Sep 1, 2015
New Ontario Road Rules Now In Effect
Back in June of this year, the Ontario Parliament passed Bill 31 – which provided amendments to the Highway Traffic Act.
Today, September 1, 2015, these changes go into effect. Called the “Making Ontario’s Roads Safer Act”, the bill aims to do precisely that – make Ontario roads safer. Fines and penalties for distracted driving are the most significant changes resulting from the bill.
Why? Distracted driving is quickly becoming a more serious issue as technology and devices evolve. Distracted driving causes nearly as many deaths on Ontario roads as impaired driving and if usage trends continue – distracted driving may exceed drinking and driving deaths in 2016 says MTO.
Changes to the Highway Traffic Act & Bill 31
Here are the highlights of changes with Bill 31’s introduction today.
Higher Penalties - The fine is now $490 and three demerit points. Novice drivers get a minimum 30-day licence suspension.
Increased Penalties for ‘Dooring’ A Cyclist - Opening your car door and hitting a cyclist (dooring) will now cost you $365 and two demerit points.
Make More Room to Pass A Cyclist - If Drivers don’t leave a minimum of one meter between their car and a cyclist, they can be fined $180 and receive two demerit points.
Make Your Bike More Visible With Bicycle Lighting - Failure to have proper lighting when riding 30 minutes before or after dusk and dawn could result in a $110 fine.
“Slow Down And Move Over“ Rule Modified - This rule now includes tow trucks that are stopped and giving roadside assistance. If you don’t move over and slow down, the penalty is $490.
Drug Impaired Driving Now Considered Impaired Driving - Driving while under the influence of drugs now the treated the same as impaired driving.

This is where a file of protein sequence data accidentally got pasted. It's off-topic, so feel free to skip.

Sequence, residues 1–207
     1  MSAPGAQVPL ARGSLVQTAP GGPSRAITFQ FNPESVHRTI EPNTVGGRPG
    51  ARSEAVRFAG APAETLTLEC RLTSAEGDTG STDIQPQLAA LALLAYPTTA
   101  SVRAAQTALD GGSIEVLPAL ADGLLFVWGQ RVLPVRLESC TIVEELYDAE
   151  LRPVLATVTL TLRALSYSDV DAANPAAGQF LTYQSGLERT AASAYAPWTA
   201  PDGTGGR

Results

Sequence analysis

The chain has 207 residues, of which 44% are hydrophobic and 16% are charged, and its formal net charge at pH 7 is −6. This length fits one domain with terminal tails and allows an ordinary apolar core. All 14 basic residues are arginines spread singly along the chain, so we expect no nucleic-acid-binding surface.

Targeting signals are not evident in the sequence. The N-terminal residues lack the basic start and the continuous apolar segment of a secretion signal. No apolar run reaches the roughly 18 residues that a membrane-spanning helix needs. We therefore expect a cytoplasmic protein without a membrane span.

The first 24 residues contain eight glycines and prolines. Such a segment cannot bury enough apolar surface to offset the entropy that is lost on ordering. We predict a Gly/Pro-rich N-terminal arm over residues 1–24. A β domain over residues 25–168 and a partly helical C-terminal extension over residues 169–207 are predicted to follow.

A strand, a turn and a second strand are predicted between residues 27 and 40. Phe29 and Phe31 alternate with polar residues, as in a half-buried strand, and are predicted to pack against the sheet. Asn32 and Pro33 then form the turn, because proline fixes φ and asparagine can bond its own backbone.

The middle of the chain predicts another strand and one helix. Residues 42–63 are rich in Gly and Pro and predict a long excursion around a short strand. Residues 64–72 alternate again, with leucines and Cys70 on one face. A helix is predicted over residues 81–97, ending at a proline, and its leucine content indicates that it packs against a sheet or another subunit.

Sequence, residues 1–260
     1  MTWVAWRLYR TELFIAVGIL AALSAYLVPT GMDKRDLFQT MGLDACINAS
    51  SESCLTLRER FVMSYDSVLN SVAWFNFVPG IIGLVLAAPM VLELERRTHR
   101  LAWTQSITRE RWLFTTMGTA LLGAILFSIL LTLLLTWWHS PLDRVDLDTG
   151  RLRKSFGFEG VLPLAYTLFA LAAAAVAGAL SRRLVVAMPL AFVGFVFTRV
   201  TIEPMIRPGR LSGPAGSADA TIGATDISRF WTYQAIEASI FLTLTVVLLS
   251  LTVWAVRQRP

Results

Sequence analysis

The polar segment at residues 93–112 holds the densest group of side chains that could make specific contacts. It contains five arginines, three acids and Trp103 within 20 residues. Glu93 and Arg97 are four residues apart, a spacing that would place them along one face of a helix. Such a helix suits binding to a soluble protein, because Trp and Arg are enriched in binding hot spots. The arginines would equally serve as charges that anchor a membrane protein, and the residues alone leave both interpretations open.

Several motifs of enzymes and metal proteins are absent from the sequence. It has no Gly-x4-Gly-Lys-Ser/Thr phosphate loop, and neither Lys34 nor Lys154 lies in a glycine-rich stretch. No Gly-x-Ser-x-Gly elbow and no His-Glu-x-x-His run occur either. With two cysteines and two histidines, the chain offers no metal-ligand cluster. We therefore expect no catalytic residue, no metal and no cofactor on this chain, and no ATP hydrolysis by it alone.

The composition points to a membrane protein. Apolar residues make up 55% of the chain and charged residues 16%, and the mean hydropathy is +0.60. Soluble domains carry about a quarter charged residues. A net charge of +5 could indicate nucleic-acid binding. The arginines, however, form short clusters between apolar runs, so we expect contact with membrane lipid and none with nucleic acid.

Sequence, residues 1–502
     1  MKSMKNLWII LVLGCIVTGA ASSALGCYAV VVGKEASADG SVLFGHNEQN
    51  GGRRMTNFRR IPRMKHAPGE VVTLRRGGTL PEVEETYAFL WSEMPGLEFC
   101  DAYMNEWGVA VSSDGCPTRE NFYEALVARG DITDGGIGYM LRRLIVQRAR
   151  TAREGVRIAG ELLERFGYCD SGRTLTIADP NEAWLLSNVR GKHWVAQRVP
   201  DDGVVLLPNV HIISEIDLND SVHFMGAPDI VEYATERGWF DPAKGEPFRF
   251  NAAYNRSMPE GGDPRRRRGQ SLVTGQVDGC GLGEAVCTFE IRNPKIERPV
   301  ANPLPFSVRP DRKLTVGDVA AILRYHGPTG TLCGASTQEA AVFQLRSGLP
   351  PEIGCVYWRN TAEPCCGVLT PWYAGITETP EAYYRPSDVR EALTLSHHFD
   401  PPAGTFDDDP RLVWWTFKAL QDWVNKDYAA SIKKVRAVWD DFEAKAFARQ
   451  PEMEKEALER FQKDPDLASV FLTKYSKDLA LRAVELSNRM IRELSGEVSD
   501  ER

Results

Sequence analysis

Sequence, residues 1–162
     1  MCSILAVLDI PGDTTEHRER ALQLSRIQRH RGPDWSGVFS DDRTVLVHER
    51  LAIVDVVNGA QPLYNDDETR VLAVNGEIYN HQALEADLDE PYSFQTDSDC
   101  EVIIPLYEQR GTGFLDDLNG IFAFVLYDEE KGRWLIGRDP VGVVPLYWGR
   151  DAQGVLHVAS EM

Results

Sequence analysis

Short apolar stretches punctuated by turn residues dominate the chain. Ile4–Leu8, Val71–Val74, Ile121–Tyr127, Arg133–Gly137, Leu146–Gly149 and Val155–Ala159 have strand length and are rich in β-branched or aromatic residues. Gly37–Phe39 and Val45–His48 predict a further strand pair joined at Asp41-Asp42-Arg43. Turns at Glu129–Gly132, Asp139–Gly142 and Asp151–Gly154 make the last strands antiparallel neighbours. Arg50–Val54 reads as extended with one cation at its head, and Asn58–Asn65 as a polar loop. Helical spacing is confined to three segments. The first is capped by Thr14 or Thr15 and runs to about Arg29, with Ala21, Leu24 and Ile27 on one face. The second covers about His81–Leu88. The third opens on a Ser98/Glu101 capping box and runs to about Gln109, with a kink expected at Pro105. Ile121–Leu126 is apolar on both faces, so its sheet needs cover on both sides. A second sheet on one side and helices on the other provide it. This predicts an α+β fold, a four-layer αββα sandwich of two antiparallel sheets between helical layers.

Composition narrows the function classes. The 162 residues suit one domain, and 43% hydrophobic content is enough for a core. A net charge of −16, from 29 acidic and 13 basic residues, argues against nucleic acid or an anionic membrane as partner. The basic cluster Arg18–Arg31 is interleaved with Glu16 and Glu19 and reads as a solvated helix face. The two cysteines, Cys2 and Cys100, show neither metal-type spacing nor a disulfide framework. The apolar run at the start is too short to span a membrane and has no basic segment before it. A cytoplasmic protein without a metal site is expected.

What is Distracted Driving In Ontario?
There are many things that are considered distractions by the police when you are driving. You can be charged with distracted driving if you are :
- Using any device that needs to be touched, held or operated
- Talking, texting, reading, emailing, scrolling on your device
- Reading print – books, maps
- Watching videos
- Eating, drinking, smoking, grooming (no makeup!)
- Tuning or adjusting your radio
- Talking with passengers in the vehicle
- Driving while tired – mentally or physically
If you have endangered someone else’s life as a result of distracted driving, you can be charged with other, more serious offenses.
Get more information about distracted driving at the MTO website.
What Is a Handheld Device?
A handheld device is small and portable and can be held in one or both hands and used for tasks such as computing, talking, navigation and entertainment. They have screens and various ways to enter information or commands with keypads or touchscreens. Here are some common handheld devices :
- Cell phone or smartphone
- iPod or music player (mp3)
- DVD (entertainment/video player)
- iPads & iPad minis
- GPS (unless it is mounted)
What Devices Can And Can’t Be Used?
This list from the MTO website gives examples of devices that are allowed or not while driving.
Note that you can always make a 911 call from your phone in the case of an emergency where your safety (or someone else’s) is in question.
Tips To Help Eliminate Distractions While Driving
By following these simple tips, drivers can minimize distractions while driving – making everyone safer. Try these tips :
Do Your Part To Make Ontario Roads Safer
Bill 31 is the government’s effort to respond to the increasing threat to road safety. Stiffer fines and penalties are just the beginning to addressing this challenge. Ultimately, drivers (and cyclists) will have to change their habits for the changes to be truly effective. We can all do our part to make Ontario roads safer.
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